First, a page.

In April 2020, with consumers having accepted lockdown for the foreseeable future, we began seeing online shopping trends skewing towards new stay-at-home necessities. That includes gear to help people stay active. According to Bazaar Voice, orders for sporting goods are up 220 per cent versus April 2019, the second-biggest rise for any category after hardware.
Not only are consumers buying more online, but they are also spending more time on each session, up 40 per cent versus the pre-Covid period. This could be a result of the general population having increased downtime and, consequently, taking higher consideration into the products they are buying, especially given that self-care is more important than ever.
For businesses in the position to capitalize, having a retail presence online has never been more important. Looking forward to 2021, eMarketer has predicted that this online trend will continue to grow, with over 16 per cent of total retail sales now happening online, and 25 per cent of the total global population contributing to this.
For those that have been considering an online retail offering to sell directly to their consumer, this could be the moment to move. The growth of ecommerce has made this a relatively frictionless activation – with affordable, ready-made solutions available from the likes of both Amazon and Shopify, which has just announced a partnership with Facebook.
Taking the time now to ensure you respond to these consumer trends by offering an intelligent and relevant ecommerce strategy for your audience will only benefit your business in the long run.
SVOD and OTT
The online and subscription video space has been the talk of the town for as long as I can remember. But many organizations still remain on the fence. So here we are, with consumption of streamed film and TV content up 40 per cent since the outbreak began in the US and the UK and more people than ever now considering paying for content.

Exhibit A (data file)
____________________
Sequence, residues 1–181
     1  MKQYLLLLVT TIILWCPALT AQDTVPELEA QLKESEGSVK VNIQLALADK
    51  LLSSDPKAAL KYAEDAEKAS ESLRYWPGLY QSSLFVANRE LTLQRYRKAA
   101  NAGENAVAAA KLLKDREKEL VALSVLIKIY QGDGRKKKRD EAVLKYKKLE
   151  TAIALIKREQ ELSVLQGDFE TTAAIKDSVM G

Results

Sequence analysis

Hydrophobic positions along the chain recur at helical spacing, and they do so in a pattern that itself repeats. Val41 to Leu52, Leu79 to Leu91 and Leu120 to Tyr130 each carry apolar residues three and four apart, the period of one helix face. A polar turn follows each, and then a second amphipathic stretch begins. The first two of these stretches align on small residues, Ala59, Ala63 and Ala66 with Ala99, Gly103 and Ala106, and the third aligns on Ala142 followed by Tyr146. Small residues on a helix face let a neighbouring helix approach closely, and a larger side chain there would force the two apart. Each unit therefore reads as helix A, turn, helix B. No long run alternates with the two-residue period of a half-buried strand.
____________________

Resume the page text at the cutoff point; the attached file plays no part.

What can we do to win here?
You may not have Netflix and ESPN’s smash hit Michael Jordan series, The Last Dance, or UFC Fight Pass’ new original programming, but that does not mean your audience will not see value in your storytelling.
Look at your value proposition, which will, of course, be driven by content, and you may find a lot of answers in your archive.
That once-forgotten repository has all too often attracted more dust than eyeballs. Now, it has a reason to thrive – but it only pays dividends if you can decide how to spin a new story with it.
Look at Fifa on its #WorldCupAtHome project, harnessing the potential of a library of games dating back to 1970. More than 750,000 votes have been cast by fans on Twitter to choose a line-up of 32 classic matches to stream free and as live on YouTube, which also carried three official tournament films. Across the nine weeks, there were more than 85 million video views on YouTube, Facebook, Instagram, Twitter and Weibo.
The great thing about the archive is you can really play with this kind of footage, re-editing it around star athletes, memorable events and types of action to find combinations that really work for fans. Again, its value may only be supplementary to live in the long term, but at this point, it is a perfect way to keep your audience engaged when they could look elsewhere.
The market for sponsorship will become a difficult one in the months ahead. Brands have paused messaging in recent weeks, both for financial reasons and as they take greater care in their public positioning. That will change as the economy moves into its ‘new normal’ phase over the next few weeks.
Marketing budgets will be under pressure and sponsorship will be viewed as a luxury for brands needing a good reason to pay for rights rather than going direct to the consumer. This will make data-led, performance-oriented partnerships more attractive, but rights holders are going to need to be in the position to define their value proposition, their packages and convince brands that they have an engaged audience to leverage.
This is not a major change in its own right, of course, as brands have been crying out for such a progression in sponsorship activation for some time, but it’s now mandatory for a sports property to deliver in terms of content output and a tangible business outcome.
So what’s next?
This is undoubtedly the biggest challenge this industry has faced but as long as the demand for sport remains, the obstacles we face are not insurmountable. It is about finding rational solutions to meet the moment. With the right ideas, backed up by the right evidence, we can find a way to the other side.